Effect of long-duration oxygen vs room air during labor on umbilical cord venous partial pressure of oxygen: a randomized controlled trial
There are limited data to guide the duration and dose of oxygen supplementation for pregnant women undergoing labor.
To assess the effect of maternal long-duration high-concentration oxygen administration during labor on umbilical cord venous partial pressure of oxygen.
This randomized clinical trial was conducted between January and October of 2021 in the obstetrics wards of 3 tertiary teaching hospitals in Beijing, China. Women undergoing the latent phase of labor with no existing medical conditions or obstetrical complications who were admitted for delivery were eligible. The women who met inclusion criteria with category I fetal heart rate tracings in labor were randomized in a 1:1 ratio to oxygen or room air. The oxygen group received 10 L of oxygen per minute by simple, tight-fitting face mask until delivery. The room-air group received room air only, without a face mask. The primary outcome was the umbilical cord venous partial pressure of oxygen.
A total of 661 women were screened, and 521 were excluded; 140 participants with category I fetal heart rate tracings were enrolled and randomized to oxygen (N=70) or room air (N=70). A total of 135 women with valid paired umbilical cord venous and arterial gas values were included in the umbilical cord venous partial pressure of oxygen and arterial pH analyses. All 140 women were included in the fetal heart rate tracings analysis. Baseline characteristics were similar between the oxygen and room-air groups. The duration of oxygen exposure was approximately 322±147 minutes. There were no differences between the oxygen and room-air groups in the umbilical cord venous partial pressure of oxygen (mean difference, 1.1 mm Hg; 95% confidence interval, −1.0 to 3.2; P=.318) or the proportion of participants with category II fetal heart rate tracings (81.4% vs 78.6%; relative risk, 1.04; 95% confidence interval, 0.88–1.22; P=.672). However, the umbilical cord arterial pH was significantly lower in the oxygen group than in the room-air group (median, 7.23; interquartile range, 7.20–7.27 vs median 7.27; interquartile range, 7.20–7.30; P=.005).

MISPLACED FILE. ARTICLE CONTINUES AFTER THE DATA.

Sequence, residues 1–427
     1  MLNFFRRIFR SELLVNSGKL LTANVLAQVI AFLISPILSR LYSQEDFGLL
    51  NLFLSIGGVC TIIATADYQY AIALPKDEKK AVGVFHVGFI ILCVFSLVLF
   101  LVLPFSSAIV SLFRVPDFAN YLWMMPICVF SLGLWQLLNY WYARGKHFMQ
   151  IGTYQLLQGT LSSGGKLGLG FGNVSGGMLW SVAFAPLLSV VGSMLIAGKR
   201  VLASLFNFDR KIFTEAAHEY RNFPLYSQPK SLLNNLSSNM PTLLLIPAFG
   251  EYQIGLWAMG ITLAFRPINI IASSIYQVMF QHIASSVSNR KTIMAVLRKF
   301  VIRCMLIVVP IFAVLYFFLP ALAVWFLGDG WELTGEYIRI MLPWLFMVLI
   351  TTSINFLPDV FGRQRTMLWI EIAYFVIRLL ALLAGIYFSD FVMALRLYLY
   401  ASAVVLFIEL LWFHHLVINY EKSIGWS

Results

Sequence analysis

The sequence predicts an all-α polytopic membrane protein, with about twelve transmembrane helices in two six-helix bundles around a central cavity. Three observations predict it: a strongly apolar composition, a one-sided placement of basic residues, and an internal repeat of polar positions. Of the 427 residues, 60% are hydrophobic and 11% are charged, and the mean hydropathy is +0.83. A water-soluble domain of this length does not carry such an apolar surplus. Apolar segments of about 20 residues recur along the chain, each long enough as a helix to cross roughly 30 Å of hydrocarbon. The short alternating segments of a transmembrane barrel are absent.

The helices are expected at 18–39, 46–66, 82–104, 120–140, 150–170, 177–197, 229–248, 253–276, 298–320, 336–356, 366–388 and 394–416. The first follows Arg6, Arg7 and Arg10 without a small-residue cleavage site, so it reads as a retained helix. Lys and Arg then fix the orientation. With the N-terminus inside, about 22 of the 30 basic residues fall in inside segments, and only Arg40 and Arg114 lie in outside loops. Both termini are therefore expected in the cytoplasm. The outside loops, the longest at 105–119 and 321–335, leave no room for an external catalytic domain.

Maternal long-duration high-concentration oxygen administration during labor did not affect either the umbilical cord venous partial pressure of oxygen or fetal heart rate pattern distribution but resulted in a deterioration of the umbilical cord arterial pH at birth.